"BISPHENOL A ON TRIAL" carries the subtitle, "Only an unbiased panel with appropriate expertise can resolve apparently conflicting results of health studies" (C&EN, April 16, page 38). An unbiased panel has done exactly this. The AFC panel of the European Food Safety Authority (EFSA) published its assessment of the data in January of this year (www.efsa.europa.eu/en/science/afc/afc_opinions/bisphenol_a.html).
What I find particularly disturbing is that the article repeats Frederick S. vom Saal's statements that the less numerous industry-funded studies are the only ones that could be biased and therefore they must be wrong. Thus arises the implication that the studies without industry funding must be "right," because they are more numerous and (supposedly) unbiased.
As for the number of studies, I was taught that science is not an election and we don't just count "votes." Academic research can have significant bias, especially research that reaches publication. How many researchers would be willing to embark on a study of low-dose effects if they thought they would not find any? How easy would it be to publish a result that merely shows the absence of any effect? And isn't it far easier to get the next grant for your research if you have just shown that there is a problem needing further study? The combination of all of these aspects introduces significant bias on what gets published from the nonindustry side as well.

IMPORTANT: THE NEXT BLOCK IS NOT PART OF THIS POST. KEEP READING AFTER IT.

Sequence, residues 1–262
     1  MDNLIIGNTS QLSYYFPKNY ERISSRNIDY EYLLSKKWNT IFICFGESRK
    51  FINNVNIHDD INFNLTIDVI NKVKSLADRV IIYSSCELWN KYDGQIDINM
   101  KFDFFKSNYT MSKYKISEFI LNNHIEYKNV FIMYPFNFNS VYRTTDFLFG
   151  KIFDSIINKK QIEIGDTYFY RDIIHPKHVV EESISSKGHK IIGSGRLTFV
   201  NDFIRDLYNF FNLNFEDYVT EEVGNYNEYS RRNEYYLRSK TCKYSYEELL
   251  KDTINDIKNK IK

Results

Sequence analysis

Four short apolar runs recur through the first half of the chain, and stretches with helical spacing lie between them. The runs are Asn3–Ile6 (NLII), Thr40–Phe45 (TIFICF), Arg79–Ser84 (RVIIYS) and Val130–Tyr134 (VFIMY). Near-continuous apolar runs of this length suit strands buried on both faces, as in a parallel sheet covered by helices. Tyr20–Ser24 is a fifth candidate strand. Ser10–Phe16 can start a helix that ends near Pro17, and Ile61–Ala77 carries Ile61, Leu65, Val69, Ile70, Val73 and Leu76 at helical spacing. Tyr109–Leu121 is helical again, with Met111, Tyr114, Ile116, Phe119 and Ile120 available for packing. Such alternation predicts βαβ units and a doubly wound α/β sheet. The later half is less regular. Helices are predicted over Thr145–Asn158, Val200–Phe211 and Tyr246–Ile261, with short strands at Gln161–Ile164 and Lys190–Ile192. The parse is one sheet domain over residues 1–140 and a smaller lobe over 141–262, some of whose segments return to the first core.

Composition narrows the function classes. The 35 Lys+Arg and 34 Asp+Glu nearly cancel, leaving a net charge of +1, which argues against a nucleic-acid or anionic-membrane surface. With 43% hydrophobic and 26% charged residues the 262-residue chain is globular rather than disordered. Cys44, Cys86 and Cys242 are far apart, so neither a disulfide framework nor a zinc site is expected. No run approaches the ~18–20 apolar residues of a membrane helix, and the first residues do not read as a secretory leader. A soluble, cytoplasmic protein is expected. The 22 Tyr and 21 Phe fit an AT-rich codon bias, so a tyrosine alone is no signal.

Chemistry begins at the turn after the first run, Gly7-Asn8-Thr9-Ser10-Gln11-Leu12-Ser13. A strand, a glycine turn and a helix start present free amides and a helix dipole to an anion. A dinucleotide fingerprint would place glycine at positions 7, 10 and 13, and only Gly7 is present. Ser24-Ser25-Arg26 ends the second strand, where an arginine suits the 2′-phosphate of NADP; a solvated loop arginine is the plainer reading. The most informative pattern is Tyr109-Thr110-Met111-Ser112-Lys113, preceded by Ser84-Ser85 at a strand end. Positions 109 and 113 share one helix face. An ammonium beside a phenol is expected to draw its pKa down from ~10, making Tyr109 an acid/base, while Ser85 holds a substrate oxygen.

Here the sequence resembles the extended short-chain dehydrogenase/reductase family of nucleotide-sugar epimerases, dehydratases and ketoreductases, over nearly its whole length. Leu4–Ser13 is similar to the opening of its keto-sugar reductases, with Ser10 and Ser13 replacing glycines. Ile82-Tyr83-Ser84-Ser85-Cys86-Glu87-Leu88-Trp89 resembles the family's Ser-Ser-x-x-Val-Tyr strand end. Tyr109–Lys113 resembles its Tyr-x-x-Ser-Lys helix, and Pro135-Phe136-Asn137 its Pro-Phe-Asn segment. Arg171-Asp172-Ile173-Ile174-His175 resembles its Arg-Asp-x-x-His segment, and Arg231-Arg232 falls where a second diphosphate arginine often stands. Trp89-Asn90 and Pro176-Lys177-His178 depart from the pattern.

So let's stop just counting a show of hands or looking at the funding and consider the actual results. What studies have large enough sample sizes to be statistically significant? What results are reproducible? What results make sense? If I've understood EFSA's analysis correctly, current uses of bisphenol A in food-contact applications are safe.
As an ACS member, I would hope that C&EN would exercise more care in deciding which opinions to publish. The disclaimer at the bottom of the page is not enough. C&EN should not publish such one-sided articles.